Every business owner is under a duty to manage the health and safety risks in their workplace and this means, as a business owner, you must consider what could cause harm, identify all the risks, decide how you will manage those risk and take steps to avoid any harm.
As a responsible business owner, you probably already have some precautions in place to avoid any company safety incidents, but a thorough risk assessment willtell you whether you are fulfilling all your legal obligations.
Who is responsible for risk assessments?
The employer is always the one responsible for carrying out a risk assessment. As an employer, you can delegate this duty and all responsibility for health and safety in your business to someone else, but you must ensure that they are competent to do so and understand that they may need to seek specialist help.
When do I need to do a risk assessment?
Risk assessments should be carried out whenever the situation at your workplace changes, so if you have new machinery or equipment, begin using new substances or procedures, have an influx of new staff, or an unusual amount of sickness, complaints of stress or accidents. This way, no risks will be over looked and safety measures and training can be put in place to maintain a safe working environment.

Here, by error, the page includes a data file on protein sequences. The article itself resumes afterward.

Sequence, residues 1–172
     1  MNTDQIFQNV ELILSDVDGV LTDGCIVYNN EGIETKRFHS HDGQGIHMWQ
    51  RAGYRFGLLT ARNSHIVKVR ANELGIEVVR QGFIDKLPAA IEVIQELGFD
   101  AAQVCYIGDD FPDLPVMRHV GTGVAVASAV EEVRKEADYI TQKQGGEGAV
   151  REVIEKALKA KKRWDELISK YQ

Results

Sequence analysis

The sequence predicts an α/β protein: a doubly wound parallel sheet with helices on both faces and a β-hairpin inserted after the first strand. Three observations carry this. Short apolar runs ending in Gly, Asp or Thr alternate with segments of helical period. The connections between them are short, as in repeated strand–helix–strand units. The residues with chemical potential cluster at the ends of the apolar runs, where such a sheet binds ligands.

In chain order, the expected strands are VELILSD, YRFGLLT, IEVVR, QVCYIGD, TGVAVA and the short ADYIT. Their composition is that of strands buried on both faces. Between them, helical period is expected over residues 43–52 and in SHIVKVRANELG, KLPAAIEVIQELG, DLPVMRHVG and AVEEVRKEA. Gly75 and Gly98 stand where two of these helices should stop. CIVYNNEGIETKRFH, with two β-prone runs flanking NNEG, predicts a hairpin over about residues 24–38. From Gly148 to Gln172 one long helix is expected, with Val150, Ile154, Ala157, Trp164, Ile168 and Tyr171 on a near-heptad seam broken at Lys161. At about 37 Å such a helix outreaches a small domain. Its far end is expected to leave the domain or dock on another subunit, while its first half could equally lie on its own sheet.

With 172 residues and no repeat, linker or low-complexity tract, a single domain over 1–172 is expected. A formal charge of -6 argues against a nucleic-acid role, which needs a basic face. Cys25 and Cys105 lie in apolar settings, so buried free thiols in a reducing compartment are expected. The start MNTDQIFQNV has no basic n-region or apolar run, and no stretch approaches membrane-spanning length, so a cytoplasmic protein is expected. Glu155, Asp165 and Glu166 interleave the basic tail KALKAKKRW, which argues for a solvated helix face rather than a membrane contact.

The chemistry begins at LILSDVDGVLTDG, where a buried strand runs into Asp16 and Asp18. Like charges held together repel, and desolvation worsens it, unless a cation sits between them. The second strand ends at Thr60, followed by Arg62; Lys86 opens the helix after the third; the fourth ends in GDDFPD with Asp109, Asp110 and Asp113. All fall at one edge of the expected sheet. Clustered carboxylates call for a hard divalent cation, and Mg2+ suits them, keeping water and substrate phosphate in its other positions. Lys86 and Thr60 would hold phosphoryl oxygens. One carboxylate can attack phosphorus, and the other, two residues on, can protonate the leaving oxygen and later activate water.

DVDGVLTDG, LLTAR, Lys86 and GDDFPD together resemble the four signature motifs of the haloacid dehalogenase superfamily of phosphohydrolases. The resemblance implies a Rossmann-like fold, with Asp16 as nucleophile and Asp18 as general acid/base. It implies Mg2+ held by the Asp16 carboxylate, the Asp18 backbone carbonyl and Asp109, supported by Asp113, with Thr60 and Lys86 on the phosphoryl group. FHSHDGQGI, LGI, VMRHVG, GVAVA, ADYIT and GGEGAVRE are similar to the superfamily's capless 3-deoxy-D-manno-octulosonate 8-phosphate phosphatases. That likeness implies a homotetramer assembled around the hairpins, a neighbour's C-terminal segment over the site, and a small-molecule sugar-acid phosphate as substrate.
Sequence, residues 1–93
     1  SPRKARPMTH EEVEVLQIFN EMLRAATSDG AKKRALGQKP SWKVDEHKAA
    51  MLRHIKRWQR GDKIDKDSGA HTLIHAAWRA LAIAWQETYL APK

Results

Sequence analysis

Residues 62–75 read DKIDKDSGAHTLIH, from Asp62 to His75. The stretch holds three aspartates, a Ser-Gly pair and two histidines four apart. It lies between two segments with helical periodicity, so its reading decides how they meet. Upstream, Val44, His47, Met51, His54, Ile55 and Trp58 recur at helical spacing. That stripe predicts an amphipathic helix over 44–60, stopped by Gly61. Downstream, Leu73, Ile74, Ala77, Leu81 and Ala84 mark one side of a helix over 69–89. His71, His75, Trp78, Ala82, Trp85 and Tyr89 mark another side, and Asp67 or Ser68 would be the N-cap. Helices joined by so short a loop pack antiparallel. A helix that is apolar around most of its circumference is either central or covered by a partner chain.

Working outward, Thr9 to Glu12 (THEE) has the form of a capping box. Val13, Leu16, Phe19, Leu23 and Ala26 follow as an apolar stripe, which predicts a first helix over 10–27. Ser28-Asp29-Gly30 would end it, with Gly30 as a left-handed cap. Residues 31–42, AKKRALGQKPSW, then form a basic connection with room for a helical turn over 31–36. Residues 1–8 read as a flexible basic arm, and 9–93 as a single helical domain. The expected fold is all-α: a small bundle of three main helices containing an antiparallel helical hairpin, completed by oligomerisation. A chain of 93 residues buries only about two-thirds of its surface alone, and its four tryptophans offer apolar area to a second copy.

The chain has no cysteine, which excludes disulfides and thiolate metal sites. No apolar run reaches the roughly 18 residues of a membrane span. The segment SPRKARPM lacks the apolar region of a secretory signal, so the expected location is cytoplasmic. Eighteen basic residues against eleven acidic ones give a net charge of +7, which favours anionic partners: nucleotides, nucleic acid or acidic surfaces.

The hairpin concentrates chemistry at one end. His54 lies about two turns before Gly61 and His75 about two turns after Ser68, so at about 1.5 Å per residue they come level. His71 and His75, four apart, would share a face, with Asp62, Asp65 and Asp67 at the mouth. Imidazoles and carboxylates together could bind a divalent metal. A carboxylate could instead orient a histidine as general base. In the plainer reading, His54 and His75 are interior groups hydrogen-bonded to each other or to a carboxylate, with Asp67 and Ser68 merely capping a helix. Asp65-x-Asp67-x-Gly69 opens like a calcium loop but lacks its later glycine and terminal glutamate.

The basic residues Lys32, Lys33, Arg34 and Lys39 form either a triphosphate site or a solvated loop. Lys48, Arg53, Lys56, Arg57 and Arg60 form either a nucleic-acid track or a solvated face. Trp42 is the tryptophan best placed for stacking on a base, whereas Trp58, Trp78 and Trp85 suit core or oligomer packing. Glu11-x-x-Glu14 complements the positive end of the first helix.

Risk assessments should also be carried out in response to any changes for individual employees, so for example, if an employee has been absent for a long time, becomes pregnant or disabled, you will need to revaluate the risks to them.
How do I do a risk assessment?
There are five main steps to completing a risk assessment:
- Identify the hazards – walk around your premises, speak to your employees, consult accident and ill-health records and, if necessary, employ a professional to assist.
- Decide who might be harmed– visitors, staff, warehouse workers, paying particular attention to vulnerable groups, such as the elderly, young, disabled or pregnant.
- Evaluate the risks and decide on precautions – managing the risk can include blocking off areas or putting up warning signs – you will not always be expected to remove it altogether.
- Record your findings and implement them – evidencing that you have made proper checks, considered who might be affected and dealt with all the obvious or significant hazards.
- Review your assessment and update if necessary – treat it as an on-going process, updating whenever something changes in your workplace to ensure it is always up to date.
Do I need any qualifications to do a risk assessment?
No. you need no formal training or qualifications in order to carry out a risk assessment. Many employers have years of experience in their industry so can effectively identify and manage all the possible risks quite easily, but many choose to delegate the task to someone else.
You must however remember that as an employer, you are required by law to ensure the person you choose to carry out your risk assessment is competent and capable of meeting your health and safety duties.
Risk Assessment Training
Health and Safety Training Ltd provide risk assessment training coursesto ensure your chosen staff have the expertise to carry out an effective and satisfactory risk assessment at your premises. The courses aredesigned to raiseawareness of the concept of risk assessment, and can encourage a positive workplace culture and attitude towards occupational health and safety.